(2) Design Substantive Adaptation Measures that Address Vulnerability. Adaptation policies that treat everyone the same, regardless of underlying demographic characteristics, will result in substantial inequality given underlying differences. Equitable adaptation can be achieved only by explicitly addressing the demographics of affected populations and targeting assistance toward the most vulnerable.
Income is a pervasive issue: Poorer populations require assistance in preparing for hazards, fleeing disasters, finding shelter, finding affordable housing in safe areas, and having access to cooler homes or cooling centers. More broadly, as climate changes require regions to re-think land use, the fate of poorer communities —and whether they are protected or abandoned—requires careful attention.
Other factors are also critical: The elderly and disabled are especially vulnerable to disasters and require targeted initiatives; renters have less control over housing conditions and options; and certain outdoor occupations, like agriculture and construction, require tailored adaptation responses.
(3) Provide Culturally Sensitive Communications and Services. As climate change causes more natural disasters, effective communication is critical to warning people about impending hazards, informing them about shelter options, and providing long-term recovery. Communication strategies are not one-size-fits-all. Adaptation planners need to develop tailored strategies that address the differing needs of immigrants, the elderly, and others detached from mainstream institutions.
(4) Develop Participatory Processes. Bottom-up participatory adaptation planning processes are essential to obtain community-specific information about needed adaptation measures and appropriate communication methods. They also matter to the politics of adaptation: all voices need a seat at the table as critical decisions about land use and the distribution of resources and development are made.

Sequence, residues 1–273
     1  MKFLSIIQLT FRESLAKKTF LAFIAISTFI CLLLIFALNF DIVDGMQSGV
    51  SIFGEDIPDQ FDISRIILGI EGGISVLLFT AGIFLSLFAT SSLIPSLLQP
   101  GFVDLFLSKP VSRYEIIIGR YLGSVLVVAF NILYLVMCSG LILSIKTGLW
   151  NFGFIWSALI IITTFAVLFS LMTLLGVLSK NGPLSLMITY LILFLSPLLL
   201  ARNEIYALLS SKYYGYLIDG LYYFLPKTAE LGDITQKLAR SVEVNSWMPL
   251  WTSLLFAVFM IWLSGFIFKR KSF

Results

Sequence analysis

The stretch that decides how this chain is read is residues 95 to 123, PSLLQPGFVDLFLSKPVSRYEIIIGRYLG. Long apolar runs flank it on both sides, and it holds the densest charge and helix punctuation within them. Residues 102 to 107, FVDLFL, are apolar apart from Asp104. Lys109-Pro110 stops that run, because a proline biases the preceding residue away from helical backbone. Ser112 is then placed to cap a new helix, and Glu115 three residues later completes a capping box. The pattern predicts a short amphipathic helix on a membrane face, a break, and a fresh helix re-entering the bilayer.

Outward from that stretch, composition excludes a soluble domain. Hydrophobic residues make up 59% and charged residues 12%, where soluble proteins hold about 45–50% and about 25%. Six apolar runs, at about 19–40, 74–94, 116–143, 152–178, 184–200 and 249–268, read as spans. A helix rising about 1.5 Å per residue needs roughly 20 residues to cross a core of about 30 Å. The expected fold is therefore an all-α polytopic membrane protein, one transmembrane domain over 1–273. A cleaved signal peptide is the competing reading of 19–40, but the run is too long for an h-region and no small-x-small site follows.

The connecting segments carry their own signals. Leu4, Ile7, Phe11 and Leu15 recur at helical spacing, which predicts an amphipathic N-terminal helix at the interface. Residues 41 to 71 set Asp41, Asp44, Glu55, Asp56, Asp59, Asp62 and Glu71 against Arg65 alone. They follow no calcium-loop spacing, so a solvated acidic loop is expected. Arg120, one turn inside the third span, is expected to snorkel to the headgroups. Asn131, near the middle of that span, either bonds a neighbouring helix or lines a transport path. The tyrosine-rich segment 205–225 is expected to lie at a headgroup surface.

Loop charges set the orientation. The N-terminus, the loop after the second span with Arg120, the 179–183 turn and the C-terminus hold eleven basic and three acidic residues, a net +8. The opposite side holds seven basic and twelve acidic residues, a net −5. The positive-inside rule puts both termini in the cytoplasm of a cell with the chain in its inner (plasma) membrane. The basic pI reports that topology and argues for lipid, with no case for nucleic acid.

(5) Reduce Underlying Non-Climate Environmental Stresses. Climate change will exacerbate existing risks. For example, increasing temperatures will aggravate existing air pollution, and increased flooding or wildfires could increase the risks already posed by facilities like sewage treatment plants, industrial facilities, or waste sites. Although reducing underlying non-climate stresses is an important adaptation principle in its own right, it has equity implications because disadvantaged communities are disproportionately exposed to these underlying environmental stresses.
(6) Mitigate Mitigation: Addressing Adaptation/Mitigation Tradeoffs. Some climate mitigation strategies, like smart growth to reduce driving, could have “maladaptive” consequences: they could, for example, increase urban heat, worsening the consequences of climate change. Similarly, certain adaptation policies, like ensuring the availability of air conditioning, could increase greenhouse gas emissions, interfering with climate mitigation strategies. Successful mitigation and adaptation will require policymakers to carefully address the tradeoffs.
(7) A Comprehensive Agenda. Climate impacts will strike unequally because of underlying socioeconomic vulnerabilities. Successful adaptation will require addressing such pervasive issues as poverty, affordable housing, the provision of healthcare, and the political voice of marginalized communities.
These recently published articles make clear that climate change impacts could exacerbate existing inequalities and cause severe hardships for the nation’s most vulnerable populations—hardships that are not just of intrinsic concern, but also destabilizing to the larger community. The seven principles provide policymakers with guideposts for achieving more equitable adaptation.
Originally posted as a Center for Progressive Reform issue alert.